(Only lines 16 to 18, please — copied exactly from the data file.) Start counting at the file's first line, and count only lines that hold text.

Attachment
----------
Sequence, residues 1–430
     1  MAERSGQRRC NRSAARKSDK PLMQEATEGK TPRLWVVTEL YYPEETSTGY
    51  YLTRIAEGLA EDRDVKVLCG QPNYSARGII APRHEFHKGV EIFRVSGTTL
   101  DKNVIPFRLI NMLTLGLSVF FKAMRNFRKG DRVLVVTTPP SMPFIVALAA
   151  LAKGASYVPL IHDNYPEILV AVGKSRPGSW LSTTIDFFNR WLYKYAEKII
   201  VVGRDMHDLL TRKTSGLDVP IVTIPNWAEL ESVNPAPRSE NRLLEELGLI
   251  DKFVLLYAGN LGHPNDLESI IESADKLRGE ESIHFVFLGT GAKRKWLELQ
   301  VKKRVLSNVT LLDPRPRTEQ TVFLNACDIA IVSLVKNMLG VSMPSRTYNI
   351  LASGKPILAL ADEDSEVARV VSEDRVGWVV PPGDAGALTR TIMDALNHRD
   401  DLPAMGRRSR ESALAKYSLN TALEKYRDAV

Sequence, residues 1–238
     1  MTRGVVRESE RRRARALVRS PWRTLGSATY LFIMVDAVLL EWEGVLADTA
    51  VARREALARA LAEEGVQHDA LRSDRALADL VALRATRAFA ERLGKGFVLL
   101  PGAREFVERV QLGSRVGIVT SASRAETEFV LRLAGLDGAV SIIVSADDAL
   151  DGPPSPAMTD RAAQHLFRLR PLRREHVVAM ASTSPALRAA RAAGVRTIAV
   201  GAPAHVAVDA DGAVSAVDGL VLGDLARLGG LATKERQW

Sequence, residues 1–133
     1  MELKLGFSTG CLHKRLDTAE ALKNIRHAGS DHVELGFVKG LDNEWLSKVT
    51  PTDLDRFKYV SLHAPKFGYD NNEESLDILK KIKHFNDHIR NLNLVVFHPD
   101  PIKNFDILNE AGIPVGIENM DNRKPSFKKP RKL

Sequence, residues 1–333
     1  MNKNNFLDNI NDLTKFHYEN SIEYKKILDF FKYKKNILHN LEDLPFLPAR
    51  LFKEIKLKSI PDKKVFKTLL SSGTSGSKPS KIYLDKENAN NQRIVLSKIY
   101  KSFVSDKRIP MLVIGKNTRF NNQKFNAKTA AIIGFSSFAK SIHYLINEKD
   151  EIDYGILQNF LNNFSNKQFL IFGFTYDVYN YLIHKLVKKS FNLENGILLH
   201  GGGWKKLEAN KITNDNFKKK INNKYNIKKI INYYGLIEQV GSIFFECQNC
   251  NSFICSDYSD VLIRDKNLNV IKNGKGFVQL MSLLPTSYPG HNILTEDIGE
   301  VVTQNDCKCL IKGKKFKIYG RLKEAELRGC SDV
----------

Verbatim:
   201  GAPAHVAVDA DGAVSAVDGL VLGDLARLGG LATKERQW

Sequence, residues 1–133
     1  MELKLGFSTG CLHKRLDTAE ALKNIRHAGS DHVELGFVKG LDNEWLSKVT